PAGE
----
The term open-source refers to a decentralized model of production whose process and final result is freely available for the public to view, edit, and redistribute.
The open-source model is often presented in contrast with more centralized models of development such as those typically used in traditional industries and companies, where the creative process is usually confined to labs or R&D departments and the final product protected under copyright or any similar patent.
As recalled by Wikipedia, which constitute one of the best known examples of open source system, a main principle of open-source software development is peer production, with products such as source code, “blueprints”, and documentation available to the public at no cost. The open-source movement in software is arguably the most known, and began as a response to the limitations of proprietary code, and has since spread across different fields.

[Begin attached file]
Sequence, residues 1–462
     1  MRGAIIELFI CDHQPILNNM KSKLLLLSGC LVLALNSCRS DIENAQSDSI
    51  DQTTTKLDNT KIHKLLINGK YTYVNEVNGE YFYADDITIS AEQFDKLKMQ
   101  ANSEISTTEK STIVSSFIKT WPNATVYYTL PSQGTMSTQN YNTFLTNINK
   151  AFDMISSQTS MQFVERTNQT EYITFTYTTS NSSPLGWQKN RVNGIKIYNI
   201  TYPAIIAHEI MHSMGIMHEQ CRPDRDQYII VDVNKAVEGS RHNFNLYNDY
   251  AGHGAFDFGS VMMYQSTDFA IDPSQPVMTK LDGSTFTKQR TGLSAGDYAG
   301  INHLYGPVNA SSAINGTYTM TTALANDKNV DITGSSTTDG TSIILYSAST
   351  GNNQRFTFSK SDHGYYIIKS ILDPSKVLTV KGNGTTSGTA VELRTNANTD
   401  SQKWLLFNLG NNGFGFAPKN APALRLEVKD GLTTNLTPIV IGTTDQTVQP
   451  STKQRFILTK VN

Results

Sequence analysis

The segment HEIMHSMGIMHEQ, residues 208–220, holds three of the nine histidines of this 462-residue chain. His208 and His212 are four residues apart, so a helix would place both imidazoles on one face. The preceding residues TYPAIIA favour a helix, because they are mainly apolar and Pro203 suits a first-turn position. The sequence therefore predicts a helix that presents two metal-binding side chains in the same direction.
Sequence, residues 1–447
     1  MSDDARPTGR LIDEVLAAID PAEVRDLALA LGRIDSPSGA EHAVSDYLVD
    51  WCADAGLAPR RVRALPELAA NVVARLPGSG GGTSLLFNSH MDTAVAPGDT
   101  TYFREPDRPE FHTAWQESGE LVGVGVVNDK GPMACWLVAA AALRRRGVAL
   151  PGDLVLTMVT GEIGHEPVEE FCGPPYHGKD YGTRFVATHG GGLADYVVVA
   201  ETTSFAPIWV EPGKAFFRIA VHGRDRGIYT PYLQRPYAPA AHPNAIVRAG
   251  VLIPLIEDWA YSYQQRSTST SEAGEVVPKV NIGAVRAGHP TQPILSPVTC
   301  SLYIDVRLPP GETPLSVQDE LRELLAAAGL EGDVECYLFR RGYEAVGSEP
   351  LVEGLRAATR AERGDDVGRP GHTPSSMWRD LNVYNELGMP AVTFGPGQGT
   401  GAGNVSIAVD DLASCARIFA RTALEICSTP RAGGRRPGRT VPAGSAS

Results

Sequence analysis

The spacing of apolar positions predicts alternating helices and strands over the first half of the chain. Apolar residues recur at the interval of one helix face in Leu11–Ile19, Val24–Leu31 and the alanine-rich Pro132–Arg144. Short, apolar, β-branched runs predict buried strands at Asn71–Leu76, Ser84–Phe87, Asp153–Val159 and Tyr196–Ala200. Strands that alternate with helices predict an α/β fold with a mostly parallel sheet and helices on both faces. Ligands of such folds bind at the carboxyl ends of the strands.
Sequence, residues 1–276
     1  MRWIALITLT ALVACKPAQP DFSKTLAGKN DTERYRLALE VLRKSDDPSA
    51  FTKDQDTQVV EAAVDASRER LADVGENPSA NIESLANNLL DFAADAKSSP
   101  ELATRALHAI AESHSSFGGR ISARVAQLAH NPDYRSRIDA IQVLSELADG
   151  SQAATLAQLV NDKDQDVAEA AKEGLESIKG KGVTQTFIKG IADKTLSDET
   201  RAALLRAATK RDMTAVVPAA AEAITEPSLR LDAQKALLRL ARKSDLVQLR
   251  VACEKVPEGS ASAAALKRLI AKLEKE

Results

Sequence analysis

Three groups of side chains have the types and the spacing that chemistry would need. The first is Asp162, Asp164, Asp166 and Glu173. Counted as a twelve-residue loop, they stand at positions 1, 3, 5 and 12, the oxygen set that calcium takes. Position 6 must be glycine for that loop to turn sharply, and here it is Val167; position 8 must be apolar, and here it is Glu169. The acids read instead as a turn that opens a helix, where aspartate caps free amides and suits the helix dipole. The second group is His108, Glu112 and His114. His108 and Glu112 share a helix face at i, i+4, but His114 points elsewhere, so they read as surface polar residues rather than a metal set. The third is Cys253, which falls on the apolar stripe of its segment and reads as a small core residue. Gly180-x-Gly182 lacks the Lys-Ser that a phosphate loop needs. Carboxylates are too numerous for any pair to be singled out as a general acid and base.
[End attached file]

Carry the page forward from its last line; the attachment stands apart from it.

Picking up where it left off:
However, the same model is also used for the development of open-source appropriate technologies, and even open-source drug discovery.
Sources and references: